Fashion
  • Text Lisa Walden
  • 22nd February 2018

Under the knife

Alessandro Michele’s countdown to this season began with timer invites in red digital numbers counting down to the day of the show – there really was no excuse to be late. As for the show itself, Michele plunged his audience in a starkly-lit, turquoise surgical theatre, complete with panic bars, fire doors and the beeping of a heart monitor machine that slowly segued into Gregorian choir music (the heavenly choir? Perhaps). “The concept reflects the work of a designer. The act of cutting, splicing and reconstructing materials and fabrics to create a new personality and identity with them,” said the show notes.

‘Gucci cyborg’ was this season’s M.O., taking inspiration from Donna Haraway’s 1984 essay A Cyborg Manifesto  a novel which breaks down the boundaries between sexes, animals and humans – it’s a source of reference that fits perfectly into Michele’s maximalist, melting pot vision.

Despite the sterile, clinical setting, the collection offered the sort of mix-and-match dressing-up box dive we’ve come to expect from the bejewelled Italian designer. Ivory tulle cover-ups were layered over jacquard silk dresses and logo ‘Gucci’ labels were sewn on the outside, while ‘Paramount’ logo jumpers appeared in perfect time for any brave Oscar guests next month and New York Yankee caps (a la Seinfeld’s George Constanza) featured alongside a range of accessories and clothing also featured the baseball team logo. Elsewhere floral babushkas, knitted balaclavas and chunky bejewelled trainers – Gucci’s take on the current ‘ugly’ trainer trend – completed individual looks. 

Jackets were quilted – some with thick feathers – jewellery was piled high and tiny embroidered elephants came stitched onto mustard-coloured jumpers. Beaded jackets were worn above patterned blouses and floral trousers underneath plaid skirts, laundrette-style dustbags covered tailoring, while ruffles, turbans, full body jewels and knit-masks inspired by Japanese dance-drama theatre, Kabuki, all added to the multi-cultural, multi-world aesthetic. As the show progressed there were silk scarves with horse prints worn as head scarves and pinned with a brooch (think: Queen Lizzie at Balmoral), and brown leather bags inspired by a vintage Hattie Carnegie jewellery design.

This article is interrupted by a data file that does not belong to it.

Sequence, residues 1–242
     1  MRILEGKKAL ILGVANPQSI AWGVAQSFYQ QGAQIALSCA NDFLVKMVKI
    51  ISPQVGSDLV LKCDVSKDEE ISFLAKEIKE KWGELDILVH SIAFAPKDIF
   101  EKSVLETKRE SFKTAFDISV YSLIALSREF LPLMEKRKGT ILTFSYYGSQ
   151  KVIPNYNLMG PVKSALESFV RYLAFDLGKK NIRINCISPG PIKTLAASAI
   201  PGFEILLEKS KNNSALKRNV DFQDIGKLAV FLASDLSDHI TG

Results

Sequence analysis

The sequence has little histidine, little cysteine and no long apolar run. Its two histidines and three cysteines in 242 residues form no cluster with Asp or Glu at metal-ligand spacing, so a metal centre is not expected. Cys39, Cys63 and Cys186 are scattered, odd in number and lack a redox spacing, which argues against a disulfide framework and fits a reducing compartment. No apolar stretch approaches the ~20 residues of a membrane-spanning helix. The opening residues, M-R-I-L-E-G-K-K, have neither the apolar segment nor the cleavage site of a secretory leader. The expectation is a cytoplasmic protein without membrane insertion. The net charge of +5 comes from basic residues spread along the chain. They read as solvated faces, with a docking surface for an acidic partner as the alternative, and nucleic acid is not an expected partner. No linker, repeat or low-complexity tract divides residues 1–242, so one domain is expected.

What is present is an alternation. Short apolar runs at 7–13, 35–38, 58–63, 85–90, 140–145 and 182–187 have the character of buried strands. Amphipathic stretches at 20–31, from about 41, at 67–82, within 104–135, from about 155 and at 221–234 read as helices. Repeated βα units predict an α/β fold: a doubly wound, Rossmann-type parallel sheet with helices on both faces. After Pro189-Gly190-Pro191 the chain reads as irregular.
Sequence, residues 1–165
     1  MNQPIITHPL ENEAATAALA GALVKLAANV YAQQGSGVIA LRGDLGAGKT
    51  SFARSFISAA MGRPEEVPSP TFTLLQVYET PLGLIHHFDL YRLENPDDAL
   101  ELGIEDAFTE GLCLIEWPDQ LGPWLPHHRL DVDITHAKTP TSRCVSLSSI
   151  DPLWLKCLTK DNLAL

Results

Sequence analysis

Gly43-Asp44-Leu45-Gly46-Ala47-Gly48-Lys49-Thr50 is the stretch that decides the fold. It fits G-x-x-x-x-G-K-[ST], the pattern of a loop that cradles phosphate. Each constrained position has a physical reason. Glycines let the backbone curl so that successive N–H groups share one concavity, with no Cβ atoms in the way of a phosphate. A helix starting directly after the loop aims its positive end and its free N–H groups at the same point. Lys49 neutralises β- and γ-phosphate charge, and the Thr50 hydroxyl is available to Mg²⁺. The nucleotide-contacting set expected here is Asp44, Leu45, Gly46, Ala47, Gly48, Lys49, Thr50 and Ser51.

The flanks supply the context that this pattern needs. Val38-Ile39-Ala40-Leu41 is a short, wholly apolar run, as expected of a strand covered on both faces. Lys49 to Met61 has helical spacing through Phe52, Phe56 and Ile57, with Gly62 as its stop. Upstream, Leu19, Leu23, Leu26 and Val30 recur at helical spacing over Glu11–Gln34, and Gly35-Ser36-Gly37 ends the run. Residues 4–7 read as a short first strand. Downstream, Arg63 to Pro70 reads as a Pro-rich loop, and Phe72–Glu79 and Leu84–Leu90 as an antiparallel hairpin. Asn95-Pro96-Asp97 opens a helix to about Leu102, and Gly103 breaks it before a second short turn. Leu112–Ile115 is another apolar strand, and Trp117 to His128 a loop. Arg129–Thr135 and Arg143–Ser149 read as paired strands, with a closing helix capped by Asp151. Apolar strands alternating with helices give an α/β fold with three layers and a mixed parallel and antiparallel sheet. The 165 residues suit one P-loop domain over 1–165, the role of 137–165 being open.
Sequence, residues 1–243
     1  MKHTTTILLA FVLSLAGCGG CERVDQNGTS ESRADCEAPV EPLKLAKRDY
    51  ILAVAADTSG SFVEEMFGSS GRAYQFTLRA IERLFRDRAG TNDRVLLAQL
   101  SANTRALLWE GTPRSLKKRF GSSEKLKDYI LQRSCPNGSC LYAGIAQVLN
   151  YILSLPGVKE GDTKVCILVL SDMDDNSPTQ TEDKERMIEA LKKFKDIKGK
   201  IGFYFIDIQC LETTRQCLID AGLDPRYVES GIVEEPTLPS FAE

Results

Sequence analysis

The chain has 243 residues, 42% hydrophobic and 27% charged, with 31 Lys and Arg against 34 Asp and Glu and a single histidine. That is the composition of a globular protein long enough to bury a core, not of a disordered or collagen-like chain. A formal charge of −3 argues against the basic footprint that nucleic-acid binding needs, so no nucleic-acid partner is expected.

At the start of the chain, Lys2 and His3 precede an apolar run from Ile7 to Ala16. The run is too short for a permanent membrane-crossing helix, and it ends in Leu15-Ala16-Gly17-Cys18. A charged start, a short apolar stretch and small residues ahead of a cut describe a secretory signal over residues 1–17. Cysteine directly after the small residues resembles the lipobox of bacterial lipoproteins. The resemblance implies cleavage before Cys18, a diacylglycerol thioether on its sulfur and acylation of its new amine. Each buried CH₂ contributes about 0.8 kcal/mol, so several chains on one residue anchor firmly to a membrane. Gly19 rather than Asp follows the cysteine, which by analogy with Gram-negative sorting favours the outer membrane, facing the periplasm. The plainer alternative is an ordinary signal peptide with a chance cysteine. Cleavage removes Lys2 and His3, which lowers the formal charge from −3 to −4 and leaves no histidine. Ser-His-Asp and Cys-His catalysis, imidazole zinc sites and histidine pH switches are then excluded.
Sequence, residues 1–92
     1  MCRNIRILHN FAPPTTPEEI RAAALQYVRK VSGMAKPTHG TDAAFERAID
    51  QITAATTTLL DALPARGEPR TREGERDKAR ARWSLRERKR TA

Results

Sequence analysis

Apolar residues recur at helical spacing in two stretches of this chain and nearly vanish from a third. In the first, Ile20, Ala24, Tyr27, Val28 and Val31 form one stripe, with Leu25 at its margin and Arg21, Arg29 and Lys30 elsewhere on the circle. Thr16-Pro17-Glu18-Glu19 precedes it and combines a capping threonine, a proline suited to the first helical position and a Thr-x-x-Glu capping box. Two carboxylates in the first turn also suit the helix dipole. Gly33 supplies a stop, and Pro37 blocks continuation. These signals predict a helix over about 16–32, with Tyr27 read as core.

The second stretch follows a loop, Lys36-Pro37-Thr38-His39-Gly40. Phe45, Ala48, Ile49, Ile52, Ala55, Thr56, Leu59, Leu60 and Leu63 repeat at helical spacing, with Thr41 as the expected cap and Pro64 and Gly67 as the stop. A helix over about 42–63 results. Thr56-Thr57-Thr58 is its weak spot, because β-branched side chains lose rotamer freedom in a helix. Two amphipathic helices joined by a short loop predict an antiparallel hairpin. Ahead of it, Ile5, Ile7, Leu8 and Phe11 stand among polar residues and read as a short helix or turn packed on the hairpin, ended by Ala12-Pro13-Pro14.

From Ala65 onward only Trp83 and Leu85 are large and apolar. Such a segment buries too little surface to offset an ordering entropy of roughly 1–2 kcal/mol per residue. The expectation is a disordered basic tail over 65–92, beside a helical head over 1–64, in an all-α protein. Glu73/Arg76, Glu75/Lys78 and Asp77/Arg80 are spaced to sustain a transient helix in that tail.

“Gucci Cyborg is post-human: it has eyes on its hands, faun horns, dragon’s puppies and doubling heads,” read the press release. Doubling heads we hear you ask. Having previous swathed his models in all many of jewellery, this season Michele upped the accessory ante, as two models appeared carrying prosthetic replicas of their own severed heads tucked under their arms like clutch bags – that’s one way to stay (ahem) a-head of the trend. Having collaborated with Makinarium, an agency specialising in integrated special and visual effects, other models grew horns, sprouted third eyes and carried chameleons, snakes and dragons inspired by the Legend of the baby dragon in the jar – the tale of an author who staged finding a baby dragon in his garage in Oxordshire.

Slicing, splicing and dicing is Michele’s forte, and if he’s anywhere near as adapt with the surgical scissors as he is with the fabric shears, then hey, maybe he’s discovered a niche gap in the market.